Myelodysplastic syndromes and acute myeloid leukemia with mutations are characterized by frequent relapses, poor or short responses, and poor survival with the currently available therapies including chemotherapy and 5-azacitidine (AZA). PRIMA-1(APR-246,APR) is a methylated derivative of PRIMA-1, which induces apoptosis in human tumor cells through restoration of the transcriptional transactivation function of mutant p53. Here we show that low doses of APR on its own or in combination with AZA reactivate the p53 pathway and induce an apoptosis program. Functionally, we demonstrate that APR exerts these activities on its own and that it synergizes with AZA in -mutated myelodysplastic syndromes (MDS)/acute myeloid leukemia (AML) cell lines and in -mutated primary cells from MDS/AML patients. Low doses of APR on its own or in combination with AZA also show significant efficacy Lastly, using transcriptomic analysis, we found that the APR + AZA synergy was mediated by downregulation of the FLT3 pathway in drug-treated cells. Activation of the FLT3 pathway by FLT3 ligand reversed the inhibition of cell proliferation by APR + AZA. These data suggest that -mutated MDS/AML may be better targeted by the addition of APR-246 to conventional treatments.
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http://dx.doi.org/10.3324/haematol.2019.218453DOI Listing
http://www.ncbi.nlm.nih.gov/pmc/articles/PMC7271596PMC
June 2020

Germline DDX41 mutations define a significant entity within adult MDS/AML patients.

Blood 2019 10;134(17):1441-1444

Institut de Recherche Saint-Louis, INSERM U944/CNRS Unité Mixte de Recherche (UMR) 7212, Paris, France.

Germline DDX41 mutations are involved in familial myelodysplastic syndromes (MDSs) and acute myeloid leukemias (AMLs). We analyzed the prevalence and characteristics of DDX41-related myeloid malignancies in an unselected cohort of 1385 patients with MDS or AML. Using targeted next-generation sequencing, we identified 28 different germline DDX41 variants in 43 unrelated patients, which we classified as causal (n = 21) or unknown significance (n = 7) variants. We focused on the 33 patients having causal variants, representing 2.4% of our cohort. The median age was 69 years; most patients were men (79%). Only 9 patients (27%) had a family history of hematological malignancy, and 15 (46%) had a personal history of cytopenia years before MDS/AML diagnosis. Most patients had a normal karyotype (85%), and the most frequent somatic alteration was a second DDX41 mutation (79%). High-risk DDX41 MDS/AML patients treated with intensive chemotherapy (n = 9) or azacitidine (n = 11) had an overall response rate of 100% or 73%, respectively, with a median overall survival of 5.2 years. Our study highlights that germline DDX41 mutations are relatively common in adult MDS/AML, often without known family history, arguing for systematic screening. Salient features of DDX41-related myeloid malignancies include male preponderance, frequent preexisting cytopenia, additional somatic DDX41 mutation, and relatively good outcome.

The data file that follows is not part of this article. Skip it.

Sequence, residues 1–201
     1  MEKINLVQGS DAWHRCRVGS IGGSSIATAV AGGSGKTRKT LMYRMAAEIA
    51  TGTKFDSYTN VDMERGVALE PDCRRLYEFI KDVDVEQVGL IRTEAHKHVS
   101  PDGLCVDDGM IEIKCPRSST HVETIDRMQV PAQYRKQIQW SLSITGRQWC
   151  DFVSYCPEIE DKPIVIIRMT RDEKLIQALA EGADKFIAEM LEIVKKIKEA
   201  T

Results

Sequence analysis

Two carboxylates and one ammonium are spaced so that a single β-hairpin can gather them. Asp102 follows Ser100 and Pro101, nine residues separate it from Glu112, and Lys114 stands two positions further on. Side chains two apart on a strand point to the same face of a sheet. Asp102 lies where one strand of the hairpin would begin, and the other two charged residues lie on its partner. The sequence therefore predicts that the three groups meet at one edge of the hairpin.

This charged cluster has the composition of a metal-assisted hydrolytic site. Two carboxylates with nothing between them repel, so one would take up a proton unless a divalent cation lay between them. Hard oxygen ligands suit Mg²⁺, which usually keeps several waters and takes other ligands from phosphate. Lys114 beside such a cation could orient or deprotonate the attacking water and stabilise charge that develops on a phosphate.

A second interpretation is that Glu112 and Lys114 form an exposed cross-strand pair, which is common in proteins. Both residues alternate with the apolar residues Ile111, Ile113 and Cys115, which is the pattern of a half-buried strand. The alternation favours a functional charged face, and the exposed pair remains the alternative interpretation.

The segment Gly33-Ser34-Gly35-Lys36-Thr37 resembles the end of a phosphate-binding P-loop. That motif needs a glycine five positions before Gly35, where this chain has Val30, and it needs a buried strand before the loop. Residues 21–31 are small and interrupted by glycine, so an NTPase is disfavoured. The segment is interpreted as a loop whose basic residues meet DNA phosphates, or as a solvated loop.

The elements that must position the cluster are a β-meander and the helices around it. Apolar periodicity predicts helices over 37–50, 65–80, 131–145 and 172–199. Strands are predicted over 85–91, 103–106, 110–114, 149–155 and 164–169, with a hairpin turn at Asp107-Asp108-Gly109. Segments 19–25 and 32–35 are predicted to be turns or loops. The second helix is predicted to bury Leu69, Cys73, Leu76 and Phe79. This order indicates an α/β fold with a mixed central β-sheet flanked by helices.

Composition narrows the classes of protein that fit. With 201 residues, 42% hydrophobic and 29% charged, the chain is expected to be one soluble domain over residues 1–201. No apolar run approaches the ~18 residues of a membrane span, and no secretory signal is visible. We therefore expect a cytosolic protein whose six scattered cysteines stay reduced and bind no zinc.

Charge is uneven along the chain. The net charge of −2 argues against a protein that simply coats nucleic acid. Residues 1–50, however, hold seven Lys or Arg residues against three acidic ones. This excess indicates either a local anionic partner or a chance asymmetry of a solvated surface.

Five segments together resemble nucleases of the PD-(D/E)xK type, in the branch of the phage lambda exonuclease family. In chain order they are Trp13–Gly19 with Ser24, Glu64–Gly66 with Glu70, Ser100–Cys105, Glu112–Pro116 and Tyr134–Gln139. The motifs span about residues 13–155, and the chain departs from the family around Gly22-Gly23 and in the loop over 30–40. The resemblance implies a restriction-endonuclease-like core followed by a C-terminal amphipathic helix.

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http://dx.doi.org/10.1182/blood.2019000909DOI Listing
October 2019

Non-allogeneic immunotherapy in acute myeloid leukaemia.

Lancet Haematol 2019 09 7;6(9):e443-e444. Epub 2019 Aug 7.

Hôpital Saint Louis, Assistance publique Hôpitaux de Paris, Paris, France; Université de Paris, Paris, France; INSERM U944, Paris, France.

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http://dx.doi.org/10.1016/S2352-3026(19)30159-0DOI Listing
September 2019

A variant erythroferrone disrupts iron homeostasis in -mutated myelodysplastic syndrome.

Sci Transl Med 2019 07;11(500)

Université de Paris, Paris 75006, France.

Myelodysplastic syndromes (MDS) with ring sideroblasts are hematopoietic stem cell disorders with erythroid dysplasia and mutations in the splicing factor gene. Patients with MDS with mutations often accumulate excessive tissue iron, even in the absence of transfusions, but the mechanisms that are responsible for their parenchymal iron overload are unknown. Body iron content, tissue distribution, and the supply of iron for erythropoiesis are controlled by the hormone hepcidin, which is regulated by erythroblasts through secretion of the erythroid hormone erythroferrone (ERFE). Here, we identified an alternative transcript in patients with MDS with the mutation. Induction of this transcript in primary -mutated bone marrow erythroblasts generated a variant protein that maintained the capacity to suppress hepcidin transcription. Plasma concentrations of ERFE were higher in patients with MDS with an gene mutation than in patients with wild-type MDS. Thus, hepcidin suppression by a variant ERFE is likely responsible for the increased iron loading in patients with -mutated MDS, suggesting that ERFE could be targeted to prevent iron-mediated toxicity. The expression of the variant transcript that was restricted to -mutated erythroblasts decreased in lenalidomide-responsive anemic patients, identifying variant ERFE as a specific biomarker of clonal erythropoiesis.
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http://dx.doi.org/10.1126/scitranslmed.aav5467DOI Listing
http://www.ncbi.nlm.nih.gov/pmc/articles/PMC8005358PMC
July 2019

Guadecitabine in myelodysplastic syndromes: promising but there is still progress to be made.

Lancet Haematol 2019 06 3;6(6):e290-e291. Epub 2019 May 3.

Hopital Saint Louis and INSERM U944, 75010 Paris, France.

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http://dx.doi.org/10.1016/S2352-3026(19)30079-1DOI Listing
June 2019

Autoantibodies in myelodysplastic syndromes and chronic myelomonocytic leukemia.

Leuk Lymphoma 2019 10 8;60(10):2594-2596. Epub 2019 Apr 8.

Sorbonne University, Internal Medicine Department, Saint Antoine Hospital , Paris , France.

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http://dx.doi.org/10.1080/10428194.2019.1599114DOI Listing
October 2019